Plant and flower importers

Plant and Flower Importers Seek Clarity Over Border Changes

Plant and flower importers in the horticultural industry are facing further uncertainty as the deadline for the Border Operating Model (BTOM) changes arrived on the 30th April. 

Trade associations representing these sectors are calling on the government to provide clear and decisive guidance to safeguard the future of horticultural businesses in the UK. 

The horticultural, plant and flower trades associations are united in their demands for immediate government action to address the financial risks and logistical issues posed by the border changes. 

With the deadline having expired, there is a need for clarity and support to help businesses navigate the complexities of the new border control regulations. Trade associations would have preferred sticking with the previous Place of Destination (POD) scheme and ensuring that the new Border Control Posts (BCPs) were fully operational and accessible to businesses in the horticultural sector. 

They are now urging the government to “unlock barriers” to control point access, allowing for thorough testing and functionality of BCPs to enable seamless trade for plant and flower importers. 

The call for government intervention comes at a critical point for the horticultural industry, with all stakeholders highlighting the urgent need for proactive measures to mitigate disruptions and protect the viability of plant and flower imports. 

By opening Border Control Posts and streamlining access for businesses, the government can provide much-needed clarity and stability to ensure the continued success of the horticultural sector in the face of these evolving border regulations.

The horticultural industry plays a vital role in the UK economy, with plant and flower importers contributing nearly £800 million annually in imports of plants and plant material. 

These imports are essential for sustaining all stages of production and the UK supply chain, supporting a diverse and thriving horticultural sector.

The changes are viewed as too sudden and drastic by industry stakeholders, who claim that they pose a significant threat to the viability of the sector. 

The shift in border control procedures raises concerns about potential disruptions to the supply chain, leading to reduced choice and the possibility of empty shelves during the summer months ahead. 

Industry experts warn that swift government intervention is needed to address the challenges. The horticultural sector could face serious consequences, impacting not only businesses but also consumers who rely on a wide variety of plants and flowers for their landscaping and gardening needs. 

With plant and flower importers anxiously waiting for clarity and support from the government to navigate the complexities of the changing border landscape, immediate action is required.

Associations are calling for action to mitigate the risks and ensure the continued success and sustainability of the horticultural industry in the face of unprecedented challenges.

The concerns surrounding the border changes extend beyond plant and flower importers to suppliers on both sides of the channel. 

Suppliers from the UK and Europe are expressing worries about the potential increase in expenses and wait times associated with the new regulations, raising fears that smaller nursery businesses may struggle to afford the necessary changes.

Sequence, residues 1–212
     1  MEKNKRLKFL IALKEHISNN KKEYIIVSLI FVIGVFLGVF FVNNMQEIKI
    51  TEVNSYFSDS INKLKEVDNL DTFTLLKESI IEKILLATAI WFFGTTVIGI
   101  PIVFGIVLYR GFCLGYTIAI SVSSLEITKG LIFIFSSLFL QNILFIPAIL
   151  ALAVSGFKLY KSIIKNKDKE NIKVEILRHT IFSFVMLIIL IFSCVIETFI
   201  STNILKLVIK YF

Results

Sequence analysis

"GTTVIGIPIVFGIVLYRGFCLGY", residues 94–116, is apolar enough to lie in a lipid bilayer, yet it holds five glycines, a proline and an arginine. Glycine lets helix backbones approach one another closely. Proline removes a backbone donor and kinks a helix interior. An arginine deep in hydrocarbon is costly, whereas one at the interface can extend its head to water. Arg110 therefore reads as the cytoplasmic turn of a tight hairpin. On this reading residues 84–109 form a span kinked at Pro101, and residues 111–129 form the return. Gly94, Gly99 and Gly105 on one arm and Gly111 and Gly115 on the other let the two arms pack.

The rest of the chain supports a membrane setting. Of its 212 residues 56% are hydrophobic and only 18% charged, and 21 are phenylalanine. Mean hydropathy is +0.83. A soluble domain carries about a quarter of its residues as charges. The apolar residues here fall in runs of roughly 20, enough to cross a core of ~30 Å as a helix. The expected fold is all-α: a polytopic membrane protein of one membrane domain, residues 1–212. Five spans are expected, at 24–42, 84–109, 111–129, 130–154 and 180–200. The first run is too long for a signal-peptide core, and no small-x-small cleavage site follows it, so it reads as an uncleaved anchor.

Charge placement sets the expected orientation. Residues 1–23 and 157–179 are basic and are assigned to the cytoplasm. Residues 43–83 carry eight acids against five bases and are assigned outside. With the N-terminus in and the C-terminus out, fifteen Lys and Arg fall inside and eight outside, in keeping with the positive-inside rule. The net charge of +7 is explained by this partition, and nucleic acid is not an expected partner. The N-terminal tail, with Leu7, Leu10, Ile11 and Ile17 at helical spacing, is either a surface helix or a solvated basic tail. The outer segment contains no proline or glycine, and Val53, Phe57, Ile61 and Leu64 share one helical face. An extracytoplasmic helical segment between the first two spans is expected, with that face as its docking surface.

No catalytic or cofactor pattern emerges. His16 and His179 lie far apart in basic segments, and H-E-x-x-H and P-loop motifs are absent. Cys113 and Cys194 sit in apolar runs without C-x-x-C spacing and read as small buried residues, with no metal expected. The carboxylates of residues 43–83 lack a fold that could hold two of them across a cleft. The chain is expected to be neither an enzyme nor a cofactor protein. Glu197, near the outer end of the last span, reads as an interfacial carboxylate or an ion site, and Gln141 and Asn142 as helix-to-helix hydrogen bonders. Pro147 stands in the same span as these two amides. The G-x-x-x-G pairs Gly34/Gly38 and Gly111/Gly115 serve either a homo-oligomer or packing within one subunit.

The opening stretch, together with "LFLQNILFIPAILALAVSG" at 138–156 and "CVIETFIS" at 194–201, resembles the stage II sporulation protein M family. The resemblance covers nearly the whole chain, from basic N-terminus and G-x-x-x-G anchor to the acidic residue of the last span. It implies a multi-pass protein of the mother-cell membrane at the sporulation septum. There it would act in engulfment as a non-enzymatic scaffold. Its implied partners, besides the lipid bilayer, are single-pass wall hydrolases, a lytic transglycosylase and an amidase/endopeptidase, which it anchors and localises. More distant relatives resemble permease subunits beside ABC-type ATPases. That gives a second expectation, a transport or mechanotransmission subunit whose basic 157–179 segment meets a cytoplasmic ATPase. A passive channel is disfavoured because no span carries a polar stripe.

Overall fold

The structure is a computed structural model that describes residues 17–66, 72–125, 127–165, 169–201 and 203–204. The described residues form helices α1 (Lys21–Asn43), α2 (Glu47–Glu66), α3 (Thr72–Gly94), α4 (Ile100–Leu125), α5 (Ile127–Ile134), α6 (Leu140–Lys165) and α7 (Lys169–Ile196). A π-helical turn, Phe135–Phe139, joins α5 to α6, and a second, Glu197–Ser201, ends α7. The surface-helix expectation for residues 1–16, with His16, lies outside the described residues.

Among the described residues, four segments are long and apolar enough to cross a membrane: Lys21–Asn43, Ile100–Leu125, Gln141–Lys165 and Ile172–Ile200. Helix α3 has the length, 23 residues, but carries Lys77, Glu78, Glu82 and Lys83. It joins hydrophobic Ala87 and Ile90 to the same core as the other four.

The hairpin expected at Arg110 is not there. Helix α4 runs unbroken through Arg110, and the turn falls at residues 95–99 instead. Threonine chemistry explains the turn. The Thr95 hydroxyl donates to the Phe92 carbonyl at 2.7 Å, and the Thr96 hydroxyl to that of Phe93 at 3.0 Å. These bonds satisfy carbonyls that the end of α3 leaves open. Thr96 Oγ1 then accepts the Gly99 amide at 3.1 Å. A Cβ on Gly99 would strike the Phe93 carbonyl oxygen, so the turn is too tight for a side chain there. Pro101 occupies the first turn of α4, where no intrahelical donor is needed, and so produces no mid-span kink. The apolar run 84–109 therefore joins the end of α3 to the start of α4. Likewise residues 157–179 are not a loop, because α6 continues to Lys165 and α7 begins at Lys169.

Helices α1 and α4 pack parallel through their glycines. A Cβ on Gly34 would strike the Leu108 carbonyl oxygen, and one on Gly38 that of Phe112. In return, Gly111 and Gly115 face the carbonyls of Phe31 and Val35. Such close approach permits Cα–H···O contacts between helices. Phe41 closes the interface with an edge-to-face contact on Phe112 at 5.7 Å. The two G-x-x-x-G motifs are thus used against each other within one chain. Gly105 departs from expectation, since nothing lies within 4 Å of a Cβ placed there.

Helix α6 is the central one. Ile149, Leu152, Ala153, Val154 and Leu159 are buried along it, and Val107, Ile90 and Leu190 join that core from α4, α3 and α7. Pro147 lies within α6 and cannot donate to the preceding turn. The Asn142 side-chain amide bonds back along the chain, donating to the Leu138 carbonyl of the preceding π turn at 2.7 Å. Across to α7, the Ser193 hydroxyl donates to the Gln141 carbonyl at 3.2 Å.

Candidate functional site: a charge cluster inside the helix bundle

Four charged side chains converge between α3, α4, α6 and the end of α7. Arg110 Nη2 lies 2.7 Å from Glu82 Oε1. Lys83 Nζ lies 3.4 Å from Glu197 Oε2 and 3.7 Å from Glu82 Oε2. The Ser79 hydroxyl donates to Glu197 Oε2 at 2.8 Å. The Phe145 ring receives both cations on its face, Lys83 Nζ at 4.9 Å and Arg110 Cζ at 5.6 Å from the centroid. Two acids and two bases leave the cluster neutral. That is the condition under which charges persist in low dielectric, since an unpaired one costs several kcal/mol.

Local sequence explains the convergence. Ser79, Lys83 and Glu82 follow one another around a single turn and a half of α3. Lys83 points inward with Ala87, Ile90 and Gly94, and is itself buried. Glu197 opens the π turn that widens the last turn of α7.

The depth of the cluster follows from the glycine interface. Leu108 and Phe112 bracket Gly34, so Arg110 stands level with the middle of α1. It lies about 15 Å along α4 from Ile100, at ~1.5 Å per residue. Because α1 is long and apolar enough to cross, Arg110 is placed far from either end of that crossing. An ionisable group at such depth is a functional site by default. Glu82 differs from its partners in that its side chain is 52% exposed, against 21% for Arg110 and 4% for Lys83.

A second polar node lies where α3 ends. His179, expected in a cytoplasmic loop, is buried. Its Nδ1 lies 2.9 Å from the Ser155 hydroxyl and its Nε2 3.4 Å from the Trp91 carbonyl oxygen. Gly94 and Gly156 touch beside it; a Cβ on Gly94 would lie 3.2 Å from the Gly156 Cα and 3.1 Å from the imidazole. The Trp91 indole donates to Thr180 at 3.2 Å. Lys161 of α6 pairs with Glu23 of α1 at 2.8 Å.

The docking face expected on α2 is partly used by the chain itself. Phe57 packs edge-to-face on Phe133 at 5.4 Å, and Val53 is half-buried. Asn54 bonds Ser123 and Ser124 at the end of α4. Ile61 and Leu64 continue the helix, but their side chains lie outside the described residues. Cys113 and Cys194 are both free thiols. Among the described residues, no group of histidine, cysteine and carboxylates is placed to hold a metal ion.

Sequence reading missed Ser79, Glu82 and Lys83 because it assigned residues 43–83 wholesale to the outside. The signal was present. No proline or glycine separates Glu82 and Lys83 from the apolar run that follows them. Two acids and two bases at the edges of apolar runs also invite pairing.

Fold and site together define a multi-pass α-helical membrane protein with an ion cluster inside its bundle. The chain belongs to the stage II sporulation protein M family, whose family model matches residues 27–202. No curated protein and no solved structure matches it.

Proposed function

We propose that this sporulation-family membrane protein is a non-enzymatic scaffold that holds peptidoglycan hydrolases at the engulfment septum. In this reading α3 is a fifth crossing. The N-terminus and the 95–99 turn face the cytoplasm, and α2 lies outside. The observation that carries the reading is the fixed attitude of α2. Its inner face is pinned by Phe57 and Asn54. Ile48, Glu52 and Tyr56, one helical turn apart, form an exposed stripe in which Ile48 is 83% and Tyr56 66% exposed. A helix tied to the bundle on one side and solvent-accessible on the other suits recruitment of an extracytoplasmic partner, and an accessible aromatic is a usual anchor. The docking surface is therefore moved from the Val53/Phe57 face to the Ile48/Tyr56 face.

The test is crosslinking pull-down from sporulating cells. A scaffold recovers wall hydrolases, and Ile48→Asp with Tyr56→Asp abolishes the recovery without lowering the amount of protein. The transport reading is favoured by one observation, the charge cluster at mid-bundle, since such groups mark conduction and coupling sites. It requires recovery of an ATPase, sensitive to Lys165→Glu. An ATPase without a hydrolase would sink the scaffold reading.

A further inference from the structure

The anticipated rise in costs and delays at border crossings, which are already being seen, presents a significant threat to the economic viability of smaller nursery businesses, which rely on efficient trade routes to maintain their operations and meet consumer demand. 

With increased expenses and prolonged wait times, these businesses risk being priced out of the market. The tightening of border controls and the accompanying financial burden are adding to existing pressures on the horticultural sector, compounding the challenges faced by businesses on both sides of the supply chain. 

The cost is just one issue, and the discussions surrounding the border changes have also raised questions and concerns about the potential risk of cross-contamination within Border Control Posts (BCPs). 

Stakeholders are concerned about the possibility of pests and diseases being inadvertently introduced or spread within these post-border checkpoints. This is a critical question in ensuring the biosecurity of imported plants and plant materials. 

The industry has already shown a commitment to vigilance and caution against the risks of pests and diseased plants, without the involvement of BCPs. 

Horticultural businesses have implemented stringent protocols and measures to prevent the introduction of harmful pathogens and invasive species, recognising the devastating impact such contaminants can have on agriculture, the environment and biodiversity.

Given the measures already in place within the horticultural sector, there is a call for enhanced oversight and monitoring within BCPs to mitigate the potential for cross-contamination. 

The growing uncertainty and complexity of the trading landscape are leading to calls for government intervention to protect the diversity and sustainability of the industry. 

As the industry braces itself for the full effects of the April changes, stakeholders are urging policymakers to prioritise the needs of horticultural businesses and facilitate a smooth transition to the new border operating model. 

By addressing the very real concerns of suppliers and importers, and by providing targeted support to reduce the financial burdens, the government can help safeguard the future of the horticultural sector and ensure that smaller businesses remain a vital part of the industry ecosystem.

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